by Darrel Cline (darrelcline biblical-thinking.org)
Chapter # 2 Paragraph # 2 Study # 11 August 28, 2011 Dayton, Texas
20 I am crucified with Christ: nevertheless I live; yet not I, but Christ liveth in me: and the life which I now live in the flesh I live by the faith of the Son of God, who loved me, and gave himself for me.
21 I do not frustrate the grace of God: for if righteousness come by the law, then Christ is dead in vain.
1901 ASV Translation:
20 I have been crucified with Christ; and it is no longer I that live, but Christ living in me: and that life which I now live in the flesh I live in faith, the faith which is in the Son of God, who loved me, and gave himself up for me.
21 I do not make void the grace of God: for if righteousness is through the law, then Christ died for nought.
I. Paul's Response to Hypocrisy.
A. He "saw" that their behavior and the Gospel were in opposition.
B. He "said" to Cephas in the presence of all... . Paul determined to address the problem in public because it was not only a distortion of the Gospel, it was also a public humiliation for all of the Gentile brethren.
1. If you, being a Jew, are living in the manner of a Gentile and not in the manner of a Jew, how do you compel the Gentiles to live as Jews? [See the Study Notes for July 3, 2011(097)].
2. We [are] by nature "Jews" and not "sinners" from among the nations [See Study Notes for July 10, 2011(099)].
3. But knowing that a man is not justified by works of the Law, but by faith of Jesus Christ... [See Study Notes for July 17, 2011(101)].
4. ...even we believed into Christ Jesus in order that we might be justified by faith of Christ and not by works of law... [See Study Notes for July 31, 2011(103)].
5. ...because by works of law shall no flesh be justified [See Study Notes for July 31, 2011(103)].
6. Now, if seeking to be justified in Christ we are found also ourselves sinners, do we conclude that Christ [is] a servant of sin? Absolutely not [See Study Notes for Aug. 7, 2011(105)].
7. If I build again what things I destroyed, I establish myself as a transgressor [See Study Notes for Aug. 14, 2011(107)].
8. For I through law died to law in order that I might live to/for God [See Study Notes for Aug. 21, 2011(109)].
9. I have been crucified with Christ; I live but no longer [as] I, but Christ lives in me ...
a. The explanation of how "through law I died to law" is given as "I have been crucified with Christ".
b. The difficulty of "life after this death" is then approached with an explanation: " I live but...".
1) The linguistic formulation is not simple. The NASB translates it "and it is no longer I who live"; the Authorized Version translates it "nevertheless I live; yet not I...".
a) The NASB translators, thinking themselves to have the right "thought", do not take the linguistic formulation seriously, and the Authorized Version translators, attempting to take the linguistic formulation seriously, actually have to add words in order to try to communicate Paul's "thought".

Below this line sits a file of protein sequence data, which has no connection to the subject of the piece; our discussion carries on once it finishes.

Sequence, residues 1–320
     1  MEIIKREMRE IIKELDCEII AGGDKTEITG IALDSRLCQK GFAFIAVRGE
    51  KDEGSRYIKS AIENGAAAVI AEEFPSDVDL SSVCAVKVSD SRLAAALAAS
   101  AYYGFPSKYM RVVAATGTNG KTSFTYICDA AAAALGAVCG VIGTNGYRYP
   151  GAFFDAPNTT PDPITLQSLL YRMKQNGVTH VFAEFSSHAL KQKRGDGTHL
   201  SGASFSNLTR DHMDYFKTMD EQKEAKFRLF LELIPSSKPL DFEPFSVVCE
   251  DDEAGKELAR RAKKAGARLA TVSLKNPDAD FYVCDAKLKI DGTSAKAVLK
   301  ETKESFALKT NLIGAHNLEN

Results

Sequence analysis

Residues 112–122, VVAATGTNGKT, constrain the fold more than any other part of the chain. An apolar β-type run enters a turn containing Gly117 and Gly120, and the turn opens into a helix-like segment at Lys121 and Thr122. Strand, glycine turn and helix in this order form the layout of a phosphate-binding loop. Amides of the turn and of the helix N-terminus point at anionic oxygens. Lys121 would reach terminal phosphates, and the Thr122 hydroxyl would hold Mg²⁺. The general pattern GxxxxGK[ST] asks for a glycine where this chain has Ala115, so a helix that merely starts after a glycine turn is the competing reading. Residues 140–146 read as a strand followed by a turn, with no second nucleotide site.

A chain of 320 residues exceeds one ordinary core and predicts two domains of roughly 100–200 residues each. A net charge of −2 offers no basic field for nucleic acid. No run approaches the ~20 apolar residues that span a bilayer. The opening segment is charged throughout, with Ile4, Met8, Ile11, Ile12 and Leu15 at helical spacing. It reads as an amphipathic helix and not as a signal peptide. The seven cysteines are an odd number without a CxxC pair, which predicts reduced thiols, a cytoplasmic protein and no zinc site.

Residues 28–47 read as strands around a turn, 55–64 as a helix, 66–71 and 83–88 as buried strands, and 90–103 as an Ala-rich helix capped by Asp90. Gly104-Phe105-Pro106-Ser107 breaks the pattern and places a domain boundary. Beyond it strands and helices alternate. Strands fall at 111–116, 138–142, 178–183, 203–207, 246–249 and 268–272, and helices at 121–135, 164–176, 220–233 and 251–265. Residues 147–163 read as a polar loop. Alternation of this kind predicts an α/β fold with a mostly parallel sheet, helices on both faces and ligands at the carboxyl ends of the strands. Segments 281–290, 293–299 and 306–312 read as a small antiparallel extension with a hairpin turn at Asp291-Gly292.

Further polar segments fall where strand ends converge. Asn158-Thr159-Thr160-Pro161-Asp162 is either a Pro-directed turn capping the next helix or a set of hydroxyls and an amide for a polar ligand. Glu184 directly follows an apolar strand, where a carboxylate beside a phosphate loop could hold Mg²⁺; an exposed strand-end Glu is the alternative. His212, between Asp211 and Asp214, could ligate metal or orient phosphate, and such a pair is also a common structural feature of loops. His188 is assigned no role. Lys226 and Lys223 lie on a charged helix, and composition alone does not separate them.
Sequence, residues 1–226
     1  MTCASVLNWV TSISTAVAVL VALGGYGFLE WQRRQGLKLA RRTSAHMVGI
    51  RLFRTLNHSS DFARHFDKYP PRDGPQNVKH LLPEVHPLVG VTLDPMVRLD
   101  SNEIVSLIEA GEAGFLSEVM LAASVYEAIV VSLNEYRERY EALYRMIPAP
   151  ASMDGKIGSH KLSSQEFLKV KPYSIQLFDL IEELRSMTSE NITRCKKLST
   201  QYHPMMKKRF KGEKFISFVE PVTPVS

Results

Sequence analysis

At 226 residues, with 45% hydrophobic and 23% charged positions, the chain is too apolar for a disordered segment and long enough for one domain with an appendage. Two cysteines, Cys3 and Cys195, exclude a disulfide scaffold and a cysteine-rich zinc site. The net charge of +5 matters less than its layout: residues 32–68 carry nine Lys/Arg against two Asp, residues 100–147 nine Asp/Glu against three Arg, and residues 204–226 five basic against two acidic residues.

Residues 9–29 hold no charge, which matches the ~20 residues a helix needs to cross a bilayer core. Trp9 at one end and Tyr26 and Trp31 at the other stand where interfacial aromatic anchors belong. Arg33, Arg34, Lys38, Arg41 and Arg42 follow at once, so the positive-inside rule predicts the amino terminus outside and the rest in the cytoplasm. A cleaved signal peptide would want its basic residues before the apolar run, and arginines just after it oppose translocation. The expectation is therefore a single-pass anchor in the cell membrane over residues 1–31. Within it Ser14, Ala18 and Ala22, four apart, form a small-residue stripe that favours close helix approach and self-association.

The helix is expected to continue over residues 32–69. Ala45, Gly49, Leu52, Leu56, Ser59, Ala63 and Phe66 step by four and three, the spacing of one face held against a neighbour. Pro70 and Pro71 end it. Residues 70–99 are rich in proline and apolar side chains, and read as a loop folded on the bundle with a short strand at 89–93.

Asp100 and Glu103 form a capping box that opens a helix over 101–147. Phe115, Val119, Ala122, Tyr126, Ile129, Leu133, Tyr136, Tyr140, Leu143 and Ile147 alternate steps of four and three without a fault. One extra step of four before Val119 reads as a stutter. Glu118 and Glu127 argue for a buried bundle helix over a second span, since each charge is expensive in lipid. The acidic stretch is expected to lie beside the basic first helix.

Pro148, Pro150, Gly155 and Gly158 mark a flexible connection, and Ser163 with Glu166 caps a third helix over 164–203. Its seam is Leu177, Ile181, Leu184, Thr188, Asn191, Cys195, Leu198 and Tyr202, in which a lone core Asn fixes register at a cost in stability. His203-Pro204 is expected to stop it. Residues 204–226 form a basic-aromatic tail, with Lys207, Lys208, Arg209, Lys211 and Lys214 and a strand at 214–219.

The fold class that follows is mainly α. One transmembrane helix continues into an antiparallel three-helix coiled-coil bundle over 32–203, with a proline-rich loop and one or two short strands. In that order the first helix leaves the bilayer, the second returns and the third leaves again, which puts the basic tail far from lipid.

b) In an exact literal translation, we have "I am living but no longer I". At issue is whether the mild adversative ("but") should be taken as a continuation of the explanation of how "I died" and the introduction to the problem of being yet alive enough to write this letter, having died. The Authorized Version says it this way, "I have been crucified...nevertheless I live...". The NASB takes a different tack. For it there is no "adversative idea" (it does not take "but" as "but"), so the word is translated "and". This means that Paul is continuing his thought: "I died... and am still dead so that I no longer live..." [this is completely contrary to the context].
c) However, there is a third option. The adversative idea ("but") is part of Paul's thought but it is not connected to the explanation of his "death". Rather, it is an adversative of his claim to be "living". In its most literal form, Paul's claim is, "I am living, but no longer I". In other words Paul addresses the issue of his co-crucifixion with Christ with the acknowledgement: "I am living". But, then, in opposition to the idea that he is living, he writes, "but no longer I". I insert the translational possibility "[as]" ... "but no longer [as] I". In other words, Paul's co-crucifixion was real enough to alter how he currently lives. He actually "died" to the law which was against a certain form of "him". His current life apart from that law exists as the outcome of a different "I". This "I" is no longer a legitimate object of the law's activities. Because "I" died, the only "I" that continues living is a different configuration of both being and identity. In this new configuration of my "being" it is Christ Who is actually the One "living". In this new configuration of my identity, it is Christ Who lives in my body with "me" functioning in that body (that did not die to law) as a "believer". In other words, the new configuration is "Christ living in my body and I, in that body, simply believing Him". I am there, but not as I had been.